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Publication numberUS7255563 B2
Publication typeGrant
Application numberUS 11/060,800
Publication dateAug 14, 2007
Filing dateFeb 18, 2005
Priority dateJun 23, 2004
Fee statusPaid
Also published asUS20060188851
Publication number060800, 11060800, US 7255563 B2, US 7255563B2, US-B2-7255563, US7255563 B2, US7255563B2
InventorsJohn F. Duprey
Original AssigneeDuprey John F
Export CitationBiBTeX, EndNote, RefMan
External Links: USPTO, USPTO Assignment, Espacenet
Educational toy
US 7255563 B2
Abstract
The educational toy includes a toy figure having a body, a frame affixed within a portion of the body, and an earth globe disposed within the frame. The globe is configured to rotate within the frame. The globe is configured to represent the earth, and has outlines representing the continents and at least larger countries or geographical regions, and may have contours representing mountains or other features. The globe may alternatively be retained on an outstretched hand or limb of a figure and may be rotated on a shaft attached to the limb or limbs of the figure. Optionally, the educational toy may be illuminated, play back an educational audio message, or include a motor for rotating the globe.
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Claims(3)
1. An educational toy, comprising:
a toy figure having a body;
a globe-supporting frame disposed within the body, the globe supporting frame being removable from the body of the toy figure, wherein the frame includes a plurality of attachment holes affixed to the frame and adapted to attach to the body of the toy figure; and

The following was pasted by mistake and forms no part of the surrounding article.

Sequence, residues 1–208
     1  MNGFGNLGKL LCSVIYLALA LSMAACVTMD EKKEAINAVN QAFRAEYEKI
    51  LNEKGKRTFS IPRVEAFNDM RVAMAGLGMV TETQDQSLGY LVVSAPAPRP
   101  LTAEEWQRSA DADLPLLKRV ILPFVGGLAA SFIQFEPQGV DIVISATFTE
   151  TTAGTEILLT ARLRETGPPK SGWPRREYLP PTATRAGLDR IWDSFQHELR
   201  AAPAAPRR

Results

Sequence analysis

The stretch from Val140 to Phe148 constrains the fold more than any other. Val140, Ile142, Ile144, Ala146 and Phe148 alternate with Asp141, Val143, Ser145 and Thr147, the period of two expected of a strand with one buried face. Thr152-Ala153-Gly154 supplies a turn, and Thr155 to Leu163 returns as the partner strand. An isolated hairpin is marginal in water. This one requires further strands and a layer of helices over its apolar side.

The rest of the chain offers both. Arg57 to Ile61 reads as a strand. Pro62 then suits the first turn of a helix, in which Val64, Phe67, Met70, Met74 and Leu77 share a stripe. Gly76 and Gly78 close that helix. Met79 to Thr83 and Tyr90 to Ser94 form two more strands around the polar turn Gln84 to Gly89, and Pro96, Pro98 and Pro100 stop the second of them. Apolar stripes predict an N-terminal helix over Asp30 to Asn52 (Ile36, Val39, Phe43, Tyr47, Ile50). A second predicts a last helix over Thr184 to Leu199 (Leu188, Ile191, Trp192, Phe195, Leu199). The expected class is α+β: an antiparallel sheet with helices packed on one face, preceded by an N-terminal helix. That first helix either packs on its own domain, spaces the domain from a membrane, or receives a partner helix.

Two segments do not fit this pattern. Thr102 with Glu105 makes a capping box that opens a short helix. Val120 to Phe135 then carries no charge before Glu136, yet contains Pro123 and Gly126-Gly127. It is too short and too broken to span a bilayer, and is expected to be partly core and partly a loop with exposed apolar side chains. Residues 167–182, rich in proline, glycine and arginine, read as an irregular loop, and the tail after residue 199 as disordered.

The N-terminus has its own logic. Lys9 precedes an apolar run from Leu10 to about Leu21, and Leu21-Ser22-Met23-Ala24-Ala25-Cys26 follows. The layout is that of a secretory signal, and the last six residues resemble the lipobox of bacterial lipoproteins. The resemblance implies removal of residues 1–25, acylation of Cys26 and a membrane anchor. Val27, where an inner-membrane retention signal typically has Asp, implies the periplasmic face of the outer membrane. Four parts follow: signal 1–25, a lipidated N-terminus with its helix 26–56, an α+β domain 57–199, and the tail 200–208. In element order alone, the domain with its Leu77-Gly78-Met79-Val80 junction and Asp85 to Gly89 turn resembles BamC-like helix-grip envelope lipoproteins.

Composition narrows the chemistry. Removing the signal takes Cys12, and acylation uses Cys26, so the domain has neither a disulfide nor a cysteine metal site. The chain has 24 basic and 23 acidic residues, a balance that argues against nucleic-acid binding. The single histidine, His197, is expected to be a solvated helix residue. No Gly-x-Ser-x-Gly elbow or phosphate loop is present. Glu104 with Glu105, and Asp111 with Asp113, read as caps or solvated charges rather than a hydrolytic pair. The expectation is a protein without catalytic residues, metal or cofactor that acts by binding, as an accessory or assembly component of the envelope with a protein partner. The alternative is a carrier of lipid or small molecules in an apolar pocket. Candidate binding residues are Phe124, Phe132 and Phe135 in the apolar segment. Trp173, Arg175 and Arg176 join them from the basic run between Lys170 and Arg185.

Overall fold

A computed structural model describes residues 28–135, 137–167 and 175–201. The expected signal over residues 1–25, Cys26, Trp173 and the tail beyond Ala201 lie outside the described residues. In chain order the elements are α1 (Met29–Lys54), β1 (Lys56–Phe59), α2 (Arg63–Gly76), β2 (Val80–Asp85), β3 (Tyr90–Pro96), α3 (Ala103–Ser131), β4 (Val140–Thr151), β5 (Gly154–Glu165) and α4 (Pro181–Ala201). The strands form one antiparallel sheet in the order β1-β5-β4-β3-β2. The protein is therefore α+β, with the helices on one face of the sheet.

a globe depicting the earth rotatably and removably mounted within the frame, at least a portion of the globe being visible outside the body, whereby the educational toy is adapted for teaching children about geography of the earth.
2. An educational toy, comprising:
a toy figure having a body;
a supporting frame disposed within the body, the supporting frame being removable from the body of the toy figure; and
an object rotatably and removably mounted within the frame, at least a portion of the object being visible outside the body.
3. The educational toy of claim 2, wherein the frame includes a plurality of attachment holes affixed to the frame and adapted to attach to the body of the toy figure.
Description
CROSS-REFERENCE TO RELATED APPLICATION

This is a continuation-in part of my prior application Ser. No. 11/035,738, filed Jan. 18, 2005 now abandoned and titled “Educational Toy,” which is a continuation of my prior application Ser. No. 10/873,137, filed Jun. 23, 2004 and now issued as U.S. Pat. No. 6,843,655 B1.

BACKGROUND OF THE INVENTION

1. Field of the Invention

The present invention relates to an educational toy and, more particularly, to a toy figurine which has a revolving globe disposed therein.

2. Description of the Related Art